The joy of a book that you never want to end

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Have you ever read a book that you didn’t want to end – even though you were so keen to find out what happens at the end of the story?

That has happened to me several times over the years. I’ve been so enthralled by the story, that when I finally got to the end, I was left feeling somehow ‘empty’ and that emptiness could only be filled by another book which would live up to expectations as well as the last one. Here are just a few titles that really got me hooked.

Allan Karlsson is not looking forward to the party, which has been arranged to celebrate his one hundredth birthday. He’s in a care home and the lady in charge of the home is not one of Allan’s favourite people.

So why not go out – anywhere to get away from the party? That’s just what Allan does – in his carpet slippers. This is the beginning of “The 100 year Old Man who climbed out of the Window and Disappeared” by Jonas Jonasson.

Allan’s adventure involves drug runners, a couple of murders, incompetent police and an elephant plus a suitcase containing rather a lot of money.

It’s a great story, full of humour, but perhaps some of the encounters with the great and the good – or bad – can be a little too contrived.

It was a long time since I found a really humorous novel that made me laugh, so I was really glad to get my hands on it.

Now Jonasson has followed that up with “The Girl who saved the King of Sweden” – stretching the bounds of credibility just like the last novel, but just as compelling and it keeps you guessing to the end.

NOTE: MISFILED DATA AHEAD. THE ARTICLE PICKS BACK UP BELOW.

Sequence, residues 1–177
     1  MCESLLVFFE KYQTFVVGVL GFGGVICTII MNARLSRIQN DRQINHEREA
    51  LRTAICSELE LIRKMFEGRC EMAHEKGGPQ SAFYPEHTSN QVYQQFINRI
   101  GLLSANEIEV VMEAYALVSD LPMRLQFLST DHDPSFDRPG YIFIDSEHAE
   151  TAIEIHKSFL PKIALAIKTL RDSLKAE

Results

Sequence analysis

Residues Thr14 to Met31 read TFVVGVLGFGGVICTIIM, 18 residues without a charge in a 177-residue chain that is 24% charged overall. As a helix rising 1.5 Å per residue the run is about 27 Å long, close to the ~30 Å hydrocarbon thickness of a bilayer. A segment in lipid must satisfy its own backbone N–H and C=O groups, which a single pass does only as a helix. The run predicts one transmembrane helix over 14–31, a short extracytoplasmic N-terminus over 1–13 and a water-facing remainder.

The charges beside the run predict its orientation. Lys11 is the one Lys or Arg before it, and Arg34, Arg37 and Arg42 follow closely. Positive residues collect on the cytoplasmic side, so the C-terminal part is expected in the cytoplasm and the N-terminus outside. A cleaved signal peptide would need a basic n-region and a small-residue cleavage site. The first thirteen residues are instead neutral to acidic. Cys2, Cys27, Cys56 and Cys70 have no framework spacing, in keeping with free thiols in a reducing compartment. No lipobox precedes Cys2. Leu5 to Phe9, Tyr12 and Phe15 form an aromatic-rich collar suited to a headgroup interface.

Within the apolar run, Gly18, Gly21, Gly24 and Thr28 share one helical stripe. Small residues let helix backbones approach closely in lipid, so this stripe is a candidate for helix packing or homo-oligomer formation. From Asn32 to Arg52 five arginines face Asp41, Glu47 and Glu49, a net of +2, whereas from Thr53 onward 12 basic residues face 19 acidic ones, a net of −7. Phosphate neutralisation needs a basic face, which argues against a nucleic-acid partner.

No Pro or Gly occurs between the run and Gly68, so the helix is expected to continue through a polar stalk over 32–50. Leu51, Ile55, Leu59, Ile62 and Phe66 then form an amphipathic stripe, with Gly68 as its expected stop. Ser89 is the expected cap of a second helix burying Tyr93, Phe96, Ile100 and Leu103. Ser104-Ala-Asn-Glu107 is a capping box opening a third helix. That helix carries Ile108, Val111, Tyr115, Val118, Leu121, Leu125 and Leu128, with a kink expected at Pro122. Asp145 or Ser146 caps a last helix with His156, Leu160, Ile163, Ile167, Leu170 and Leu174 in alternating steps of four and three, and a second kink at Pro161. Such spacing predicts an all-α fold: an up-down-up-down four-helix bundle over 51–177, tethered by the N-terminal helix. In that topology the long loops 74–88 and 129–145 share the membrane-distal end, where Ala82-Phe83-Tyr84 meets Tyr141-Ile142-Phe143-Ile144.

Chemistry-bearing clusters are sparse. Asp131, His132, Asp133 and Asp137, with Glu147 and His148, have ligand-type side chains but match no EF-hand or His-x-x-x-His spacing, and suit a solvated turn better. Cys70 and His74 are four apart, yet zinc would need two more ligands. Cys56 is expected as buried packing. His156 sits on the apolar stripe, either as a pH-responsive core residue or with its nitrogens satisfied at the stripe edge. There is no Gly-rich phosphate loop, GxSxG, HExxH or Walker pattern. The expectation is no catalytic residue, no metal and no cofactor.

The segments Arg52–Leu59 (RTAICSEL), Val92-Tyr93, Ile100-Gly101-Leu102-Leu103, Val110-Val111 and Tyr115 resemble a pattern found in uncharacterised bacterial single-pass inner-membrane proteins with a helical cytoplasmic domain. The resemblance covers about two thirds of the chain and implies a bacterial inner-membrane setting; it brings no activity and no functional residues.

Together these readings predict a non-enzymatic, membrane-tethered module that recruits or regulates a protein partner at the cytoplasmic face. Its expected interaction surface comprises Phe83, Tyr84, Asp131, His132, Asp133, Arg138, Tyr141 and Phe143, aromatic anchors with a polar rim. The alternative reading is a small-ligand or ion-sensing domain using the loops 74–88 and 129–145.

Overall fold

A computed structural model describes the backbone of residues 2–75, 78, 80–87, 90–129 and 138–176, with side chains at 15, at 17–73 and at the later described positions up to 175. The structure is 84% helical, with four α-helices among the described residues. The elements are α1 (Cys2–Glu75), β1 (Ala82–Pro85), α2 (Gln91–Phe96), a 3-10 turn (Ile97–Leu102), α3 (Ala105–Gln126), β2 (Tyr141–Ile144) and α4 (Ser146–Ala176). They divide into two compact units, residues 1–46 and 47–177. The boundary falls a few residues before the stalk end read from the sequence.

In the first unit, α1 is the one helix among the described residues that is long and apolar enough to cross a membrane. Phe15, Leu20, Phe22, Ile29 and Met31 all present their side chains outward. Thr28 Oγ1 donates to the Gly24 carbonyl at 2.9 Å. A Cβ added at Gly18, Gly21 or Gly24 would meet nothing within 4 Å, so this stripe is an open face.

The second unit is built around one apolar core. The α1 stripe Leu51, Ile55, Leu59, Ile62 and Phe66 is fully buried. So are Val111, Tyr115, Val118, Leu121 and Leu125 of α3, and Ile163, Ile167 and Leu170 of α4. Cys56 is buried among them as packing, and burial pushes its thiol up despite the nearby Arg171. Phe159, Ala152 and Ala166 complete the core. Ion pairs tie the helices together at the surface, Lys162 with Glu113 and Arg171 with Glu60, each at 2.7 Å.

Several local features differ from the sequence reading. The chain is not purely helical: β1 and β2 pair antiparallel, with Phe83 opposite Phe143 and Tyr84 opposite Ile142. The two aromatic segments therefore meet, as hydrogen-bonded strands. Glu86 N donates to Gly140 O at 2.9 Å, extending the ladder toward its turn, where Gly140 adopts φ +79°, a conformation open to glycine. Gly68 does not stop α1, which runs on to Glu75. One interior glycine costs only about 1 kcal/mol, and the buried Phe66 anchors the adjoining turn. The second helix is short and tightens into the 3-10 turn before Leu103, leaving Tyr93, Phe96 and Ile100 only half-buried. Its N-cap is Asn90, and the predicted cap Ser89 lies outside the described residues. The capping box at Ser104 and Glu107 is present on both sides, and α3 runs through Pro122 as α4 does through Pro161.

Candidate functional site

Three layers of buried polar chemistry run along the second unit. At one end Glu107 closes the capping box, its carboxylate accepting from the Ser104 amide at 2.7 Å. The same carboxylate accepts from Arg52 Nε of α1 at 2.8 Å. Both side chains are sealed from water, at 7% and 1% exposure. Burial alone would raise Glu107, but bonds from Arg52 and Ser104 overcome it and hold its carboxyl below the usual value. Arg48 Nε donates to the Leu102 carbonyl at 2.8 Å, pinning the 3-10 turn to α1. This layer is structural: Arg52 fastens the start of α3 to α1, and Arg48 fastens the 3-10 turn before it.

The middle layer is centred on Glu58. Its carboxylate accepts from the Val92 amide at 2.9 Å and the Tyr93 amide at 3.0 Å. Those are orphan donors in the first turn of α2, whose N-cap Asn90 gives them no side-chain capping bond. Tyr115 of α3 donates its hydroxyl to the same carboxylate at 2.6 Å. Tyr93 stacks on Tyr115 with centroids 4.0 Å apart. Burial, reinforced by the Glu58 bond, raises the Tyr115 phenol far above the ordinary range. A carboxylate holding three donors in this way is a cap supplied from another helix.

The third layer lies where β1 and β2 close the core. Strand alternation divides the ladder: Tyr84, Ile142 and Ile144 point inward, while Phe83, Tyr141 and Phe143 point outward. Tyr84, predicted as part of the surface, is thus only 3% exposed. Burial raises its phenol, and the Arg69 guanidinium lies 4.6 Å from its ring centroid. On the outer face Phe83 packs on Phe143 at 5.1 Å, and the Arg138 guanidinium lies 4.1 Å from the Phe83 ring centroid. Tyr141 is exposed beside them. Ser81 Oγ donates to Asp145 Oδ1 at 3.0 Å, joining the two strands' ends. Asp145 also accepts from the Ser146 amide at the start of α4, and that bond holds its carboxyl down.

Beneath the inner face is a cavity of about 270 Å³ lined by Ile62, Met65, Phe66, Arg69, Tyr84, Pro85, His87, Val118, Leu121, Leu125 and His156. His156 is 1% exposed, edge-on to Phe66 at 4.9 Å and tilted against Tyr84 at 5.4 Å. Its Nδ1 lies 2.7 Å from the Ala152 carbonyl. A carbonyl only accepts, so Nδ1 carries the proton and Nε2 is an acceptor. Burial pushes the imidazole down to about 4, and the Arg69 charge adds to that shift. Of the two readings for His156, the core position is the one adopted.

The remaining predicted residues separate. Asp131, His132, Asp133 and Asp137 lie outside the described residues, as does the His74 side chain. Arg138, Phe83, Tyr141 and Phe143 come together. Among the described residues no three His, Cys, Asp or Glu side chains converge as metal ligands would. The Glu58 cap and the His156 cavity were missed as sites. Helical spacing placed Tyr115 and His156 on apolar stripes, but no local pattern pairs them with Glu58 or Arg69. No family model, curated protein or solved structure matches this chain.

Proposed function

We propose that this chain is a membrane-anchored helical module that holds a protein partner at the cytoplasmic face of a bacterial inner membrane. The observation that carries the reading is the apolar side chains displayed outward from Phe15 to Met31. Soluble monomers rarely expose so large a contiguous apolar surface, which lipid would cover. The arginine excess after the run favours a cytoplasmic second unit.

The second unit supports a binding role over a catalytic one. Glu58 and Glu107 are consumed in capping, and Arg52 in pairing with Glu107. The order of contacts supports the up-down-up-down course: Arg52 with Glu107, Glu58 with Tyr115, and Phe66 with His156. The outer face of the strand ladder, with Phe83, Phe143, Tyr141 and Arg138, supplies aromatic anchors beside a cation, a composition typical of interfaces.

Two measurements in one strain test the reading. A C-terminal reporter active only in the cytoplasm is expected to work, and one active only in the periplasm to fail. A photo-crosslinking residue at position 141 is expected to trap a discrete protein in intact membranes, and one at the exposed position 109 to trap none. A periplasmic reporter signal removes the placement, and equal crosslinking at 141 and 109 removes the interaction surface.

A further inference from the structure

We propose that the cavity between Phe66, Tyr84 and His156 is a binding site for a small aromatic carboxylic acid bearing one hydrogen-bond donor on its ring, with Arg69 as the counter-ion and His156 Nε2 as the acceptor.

“Hinterland”, by Caroline Brothers, is about two boys, Aryan,14 and Kabir,8, who have left their home country of Afghanistan to escape the rule of the Taliban.

They are slowly making their way across Europe: their ultimate goal is England and their greatest wish is to go to school. This is the story of how they survived.

There have been many tributes to this novel – words like stark, unsentimental, heart-wrenching and compelling. The main thrust of the story is the relationship between Aryan and Kabir – how the older Aryan has to look out for his brother, both of them forced to try and survive and get on in a totally adult world.

It’s not a book that you might ‘enjoy’. It’s one that, as soon as I started it, I felt I had to read to the end.

In “The Unlikely Pilgrimage of Harold Fry” by Rachel Joyce, recently retired Harold doesn’t seem to be making much of his retirement.

Life with his wife Maureen isn’t very enjoyable and there seems to be some problem with their son David, who is no longer at home.

One morning Harold receives a letter from Queenie, a former work colleague of Harold’s, who left her job rather suddenly some time back. She writes that she is in a hospice in Berwick on Tweed and wants to make contact with Harold one last time.

Harold writes a brief reply and sets out to walk to the postbox, but decides that he is going to walk all the way to Berwick – all the way from home in Devon.

Whilst he walks he thinks about his past life which is revealed bit by bit and gradually we are told why Harold and his wife are estranged and why Queenie suddenly left work so suddenly and what it had to do with Harold.

Does he make it to Berwick ?- you’ll have to read it for yourself. Definitely a recommended read.

I can’t write about un-put-downable books without mentioning the late, great Sue Townsend, whom I once had the pleasure of meeting when she visited Mansfield in 2012.

All the books I’ve read by her are simply unforgettable. In her books, there’s so much to enjoy and to laugh at. It’s not just the Adrian Mole series – try “Number 10” or “The Queen and I”